- Those Words, Those Men
Richard Jeffrey Newman
122 Pages; Print, $20.00
The title demands to be questioned: Who are “those men”? What have they done? We don’t receive an answer until the final poem of the volume, but we immediately sense a tone of alienation in the use of “those”—not “these,” or “the.” We strongly suspect that what the men have done is sexual and violent. We wonder, too, about the title’s use of “words.” Does spoken language matter in the face of physical mayhem done? One further question: The account of the mayhem, whatever it is, comes to us from a male American poet. Could he be sufficiently acquainted with the atrocities hinted at in the title? We hear the voice of a man leading a relatively tranquil life—teaching, happily married, with a much-loved son. What is his claim to speak of the atrocities in the title? This well-wrought book has answers to all the queries it raises.
Its first three sections prepare us for the revelation in the last, and convince us that this poet’s life and gifts have schooled him to speak for an abuse victim, even one who is female, Third World, and, most shockingly, a child.
In many ways, this collection represents a man’s “Me-too,” a reminder that one doesn’t have to be female to have one’s life blighted by a predatory man in a position of greater power. Of course, thousands of boys harmed by unscrupulous priests could deliver this reminder, but few have felt empowered to do so; even fewer, as far as I know, have been poets.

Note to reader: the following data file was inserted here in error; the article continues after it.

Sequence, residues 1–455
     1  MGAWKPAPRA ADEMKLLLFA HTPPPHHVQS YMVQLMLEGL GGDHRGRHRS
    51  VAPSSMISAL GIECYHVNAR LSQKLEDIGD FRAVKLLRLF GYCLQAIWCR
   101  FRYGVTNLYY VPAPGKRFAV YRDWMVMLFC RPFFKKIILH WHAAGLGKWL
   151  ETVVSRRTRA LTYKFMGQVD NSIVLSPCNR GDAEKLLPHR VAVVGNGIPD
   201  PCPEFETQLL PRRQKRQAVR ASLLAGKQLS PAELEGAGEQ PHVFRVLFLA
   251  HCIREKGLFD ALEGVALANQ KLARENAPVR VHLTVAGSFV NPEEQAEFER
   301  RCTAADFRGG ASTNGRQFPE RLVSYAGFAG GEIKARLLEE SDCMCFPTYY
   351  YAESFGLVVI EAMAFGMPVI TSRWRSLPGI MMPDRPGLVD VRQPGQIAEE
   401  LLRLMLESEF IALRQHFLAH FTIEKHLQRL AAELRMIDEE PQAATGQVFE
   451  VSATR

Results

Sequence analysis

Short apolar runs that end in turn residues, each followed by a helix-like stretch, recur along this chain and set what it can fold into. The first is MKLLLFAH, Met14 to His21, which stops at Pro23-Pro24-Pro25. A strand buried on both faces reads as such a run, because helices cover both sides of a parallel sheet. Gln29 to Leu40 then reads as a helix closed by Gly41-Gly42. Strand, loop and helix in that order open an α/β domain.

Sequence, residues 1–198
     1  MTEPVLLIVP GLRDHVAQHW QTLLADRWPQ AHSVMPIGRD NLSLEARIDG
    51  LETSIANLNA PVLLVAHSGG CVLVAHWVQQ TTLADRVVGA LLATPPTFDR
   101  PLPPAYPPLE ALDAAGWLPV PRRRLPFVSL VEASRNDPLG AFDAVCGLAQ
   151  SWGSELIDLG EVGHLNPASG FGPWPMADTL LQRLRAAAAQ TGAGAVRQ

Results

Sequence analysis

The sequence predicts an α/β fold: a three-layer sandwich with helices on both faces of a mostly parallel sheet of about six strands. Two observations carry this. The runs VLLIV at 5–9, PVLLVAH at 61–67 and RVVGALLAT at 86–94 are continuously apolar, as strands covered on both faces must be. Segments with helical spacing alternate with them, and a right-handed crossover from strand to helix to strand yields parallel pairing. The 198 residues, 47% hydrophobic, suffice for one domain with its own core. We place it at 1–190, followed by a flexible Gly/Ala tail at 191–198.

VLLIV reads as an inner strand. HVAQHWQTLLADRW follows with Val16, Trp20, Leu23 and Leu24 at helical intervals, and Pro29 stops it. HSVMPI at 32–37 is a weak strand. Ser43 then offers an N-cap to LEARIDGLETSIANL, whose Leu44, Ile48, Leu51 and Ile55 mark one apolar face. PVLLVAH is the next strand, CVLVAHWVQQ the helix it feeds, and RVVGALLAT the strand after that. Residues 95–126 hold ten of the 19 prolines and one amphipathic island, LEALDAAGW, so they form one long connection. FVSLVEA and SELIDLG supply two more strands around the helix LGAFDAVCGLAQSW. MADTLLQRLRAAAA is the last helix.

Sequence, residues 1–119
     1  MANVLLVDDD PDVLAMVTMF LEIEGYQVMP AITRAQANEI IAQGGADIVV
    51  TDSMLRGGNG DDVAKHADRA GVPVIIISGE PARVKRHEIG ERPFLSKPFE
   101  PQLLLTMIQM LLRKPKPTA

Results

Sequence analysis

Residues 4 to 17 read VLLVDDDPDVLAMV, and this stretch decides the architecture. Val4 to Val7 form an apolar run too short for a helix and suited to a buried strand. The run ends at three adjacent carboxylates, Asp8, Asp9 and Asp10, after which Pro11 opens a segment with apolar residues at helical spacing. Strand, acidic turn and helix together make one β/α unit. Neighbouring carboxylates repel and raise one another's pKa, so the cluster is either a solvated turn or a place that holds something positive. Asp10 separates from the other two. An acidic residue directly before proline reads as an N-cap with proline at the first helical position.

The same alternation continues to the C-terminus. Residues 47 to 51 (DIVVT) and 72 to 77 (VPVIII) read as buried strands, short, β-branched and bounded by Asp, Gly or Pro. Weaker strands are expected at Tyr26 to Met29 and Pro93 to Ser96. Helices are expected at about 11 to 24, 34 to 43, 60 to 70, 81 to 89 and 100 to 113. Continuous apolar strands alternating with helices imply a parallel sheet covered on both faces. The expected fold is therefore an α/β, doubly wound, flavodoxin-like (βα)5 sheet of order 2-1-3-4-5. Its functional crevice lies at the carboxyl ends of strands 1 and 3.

The first of the book’s four sections informs us that the poet himself was damaged in youth by an abusive stepfather, and we learn how the intervention of a trusted woman helped undo the deep damage. The poet, without coyness, prurience, or shock effects, describes, in measured lines, a moment of redemption:
…nothing as Ihardened against her tonguecame to me of the manpushing himself between my teeth,pouring into meout of who he waswho he was.
In a single lyric the poet tells both how the body’s memory is scarred and how trust in bodily experience is restored:
and then who I wasgathered itselfto a point in meI kept for myself
Newman frequently refers to dreams that conflate troubled times in his life. One four-page prose poem is a dream report which, unlike most such narratives, manages to sustain our curiosity and interest: “My uterus has colonial ambitions,” she says, “a joke I don’t get because in the dream I don’t know what endometriosis is.” She explains, telling me her doctor thinks pregnancy might be a cure and did I want to be the one…I say “No, a child is not an instrument.”
“You Should Visit,” a longish, ambitious poem in the second section of the book, weaves together interactions between cultures, genders, religions, ethnicities, ingeniously linking diverse periods and characters—a stranger delighted when the poet speaks to her in Korean, an insensitive rabbi eulogizing a boy’s grandmother, a Nigerian student responding to an assignment to write about “a childhood event you continue to learn from,” evoking his own sister’s genital mutilation. The large cast of characters in this poem includes a pair of the poet’s old friends from high school who question his independence from his Jewish heritage. “What, I hear my grandmother ask, / have you kept? / You should have gone to Kansas.” The poet has given himself the assignment he gave his own students: to learn from “childhood events,” “keeping” some, leaving others behind.
It would be wrong to assume that Newman writes versified anecdotes rather than true poems. He is a versatile and resourceful craftsman, particularly adept at shaping a variety of expressive lines. Consider, for example, these two titles: “Because you have been a feast for me…” and “My Body Fresh from Dreaming You.” Consider the virtuosic...